Okay, you have to bear with me on this review. Catherine is so phenomenally weird that if you don’t read my review word for word, you’ll think that that this is either a weird game for perverts or that I’m a pervert . . . and only one of those is true :).
So here it goes.
The basic plot of Catherine revolves around Vincent, a slacker in his early thirties who is in a 5 year relationship with a woman named “Katherine”. One night after being pressured for marriage by “Katherine”, he is seduced by a young blonde bombshell named “Catherine” and ends up sleeping with her. Meanwhile, other men around his age are dying off in their sleep at the same time that Vincent begins to have nightmares about the situation at hand. The rest of the game involves Vincent dealing with the fallout of his infidelity and his brushes with death in the dream world.
For those of you who haven’t seen the E3 coverage, chances are you may think that what I’ve described is simply an elaborate story game with no “true” gameplay such as Square Enix’s Heavy Rain. As much as I love Heavy Rain however, Catherine is a far different and in my opinion . . . a far better game.
See, these nightmares that Vincent has been having taken the form of interesting tower puzzles.
Basically, each tower consists of layers upon layers of blocks of different types and Vincent’s goal is to get to the top as the bottom of the tower collapses. Different types of blocks behave in different ways, and the physics in which they react when pushed/pulled can be used to set up interesting paths. Every few levels or so, the tower won’t “collapse” but instead will be inhabited by a boss character who will pursue Vincent up the tower at alarming speeds thereby increasing the sense of urgency.
Oh yeah, and Vincent’s a sheep during this.
This might sound really boring and cheap, but it’s surprisingly compelling. The game is NOTORIOUSLY difficult (this is coming from a guy who schooled Ninja Gaiden Black with little trouble), but it’s not the type of difficult that makes you chuck your controller at the screen as the creepy zombie bride stabs you with a fork for the 15th straight time. It’s the type of difficult where the sweet feeling of finding the correct sequence of pushes and pulls to get up the next 10 layers of blocks makes you dance with joy . . . right before said zombie bride stabs you with another fork. It’s definitely fun and unique, but that’s not what makes this game worth buying.
It’s the story and characters that really make this game worth noting.
Vincent may be a 30+ year old slacker, but every guy can associate with his ideals even with his gaping flaws. He’s in a committed relationship, but doesn’t want to get married because he’s content with how smooth his life is right now. Despite the fact that his girlfriend Katherine is very responsible and loving, she’s also a bit of a killjoy in comparison to Vincent’s free spirit. He knows sleeping with Catherine is morally wrong, but she’s a free spirit like him and despite being completely psychotic, he enjoys her company as well. It’s weird how someone whose life is so different from the players can still completely absorb their emotions and take them for a ride. I was completely invested in Vincent’s success and found myself distressed at some of the MASSIVE plot twists which turn Vincent’s world upside down.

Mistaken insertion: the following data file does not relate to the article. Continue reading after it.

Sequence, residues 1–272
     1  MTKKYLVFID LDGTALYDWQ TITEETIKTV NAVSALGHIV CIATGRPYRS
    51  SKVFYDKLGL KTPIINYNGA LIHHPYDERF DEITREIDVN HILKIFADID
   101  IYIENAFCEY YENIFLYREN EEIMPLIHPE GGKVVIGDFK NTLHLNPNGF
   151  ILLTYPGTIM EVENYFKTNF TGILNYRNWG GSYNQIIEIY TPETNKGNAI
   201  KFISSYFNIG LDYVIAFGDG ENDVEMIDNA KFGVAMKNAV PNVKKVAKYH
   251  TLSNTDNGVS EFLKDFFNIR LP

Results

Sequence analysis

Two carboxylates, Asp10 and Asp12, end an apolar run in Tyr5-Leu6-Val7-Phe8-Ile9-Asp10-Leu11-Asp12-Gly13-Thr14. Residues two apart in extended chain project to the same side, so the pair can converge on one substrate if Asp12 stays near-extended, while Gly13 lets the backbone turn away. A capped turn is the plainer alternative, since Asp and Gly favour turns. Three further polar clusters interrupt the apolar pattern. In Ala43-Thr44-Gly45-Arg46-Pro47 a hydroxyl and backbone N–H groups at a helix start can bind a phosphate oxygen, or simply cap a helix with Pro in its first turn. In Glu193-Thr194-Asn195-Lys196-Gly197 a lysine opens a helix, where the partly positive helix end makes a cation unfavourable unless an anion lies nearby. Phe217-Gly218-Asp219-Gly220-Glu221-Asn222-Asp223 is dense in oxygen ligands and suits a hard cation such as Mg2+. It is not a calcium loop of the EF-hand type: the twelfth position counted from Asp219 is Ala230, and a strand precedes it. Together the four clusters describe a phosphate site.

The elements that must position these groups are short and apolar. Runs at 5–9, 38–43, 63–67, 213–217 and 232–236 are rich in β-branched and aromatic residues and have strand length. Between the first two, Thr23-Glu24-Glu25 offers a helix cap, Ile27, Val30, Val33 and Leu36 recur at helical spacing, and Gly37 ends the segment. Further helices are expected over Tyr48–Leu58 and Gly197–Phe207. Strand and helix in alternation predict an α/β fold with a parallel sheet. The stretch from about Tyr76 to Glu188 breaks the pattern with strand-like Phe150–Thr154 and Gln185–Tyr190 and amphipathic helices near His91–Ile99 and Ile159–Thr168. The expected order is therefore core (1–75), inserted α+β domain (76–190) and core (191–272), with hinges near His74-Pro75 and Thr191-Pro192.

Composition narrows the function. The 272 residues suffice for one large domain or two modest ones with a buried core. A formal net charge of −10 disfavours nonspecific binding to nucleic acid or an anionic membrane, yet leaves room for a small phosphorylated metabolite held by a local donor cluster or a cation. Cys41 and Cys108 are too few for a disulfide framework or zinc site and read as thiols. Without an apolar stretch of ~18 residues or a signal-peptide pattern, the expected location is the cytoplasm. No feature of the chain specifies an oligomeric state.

The time not spent scampering up towers is spent lounging around the “Stray Sheep”, which is the local watering hole in Vincent’s town. Vincent can walk around the bar and strike up conversations with the other bar patrons, all whom either offer Vincent cryptic advice or also have “failed” their loved ones somehow. These patrons also take the form of sheep in Vincent’s nightmares and join him in the desperate struggle to survive. I didn’t play through this game again to see if talking to and saving these people affected the ending, but the fact is you WANT to either way. The characters are very compelling and each tale is unique in its own way.
And then there’s Vincent’s “crew”, 3 of his closest friends and single bachelors. They range from young to old, naive to gritty, happy to sullen. Their depth, dialogue and entertainment value cannot be captured on paper but let me say that they put the cast of How I Met Your Mother to the test. Apart from that, the art style is gorgeous while the voice acting and dialogue is absolutely terrific.
So what stops this game from being the best game ever?
For one, tower puzzles aren’t for everybody. If you can’t warm up to the gameplay you’re absolutely sunk because the majority of Catherine’s playtime revolves around the puzzle sequences. I personally enjoyed the character sections a lot more, so I was put off by the fact that I had to solve incredibly difficult puzzles in order to get to brief sections of exposition that I truly liked. Not to say that gameplay wasn’t compelling, it’s just that the incredible dialogue and story inadvertently work against it.
My biggest gripe, however, is that the ending SUCKS. Don’t get me wrong, depending on how you play the game the ending is surprisingly sweet and conclusive but the story leading up to that point is absolutely bonkers. You see, the game does dabble in the surreal as Vincent begins to lose his mind and Catherine begins to act increasingly erratic but it still stays grounded in reality. Towards the end however, the game descends into sheer lunacy complete with fantasy and mythology. Some people may like this, but the tonal shift is abrupt and best and jarring at worst.
Overall however, I only recommend Catherine a rent. Not because it isn’t one of the best games to come out this year, but because if you’ve played through it once, the big plot twist is already revealed and there’s no real use in playing it again. The experience is unique enough to warrant at least one play through though, so do yourself a favor and rent this game.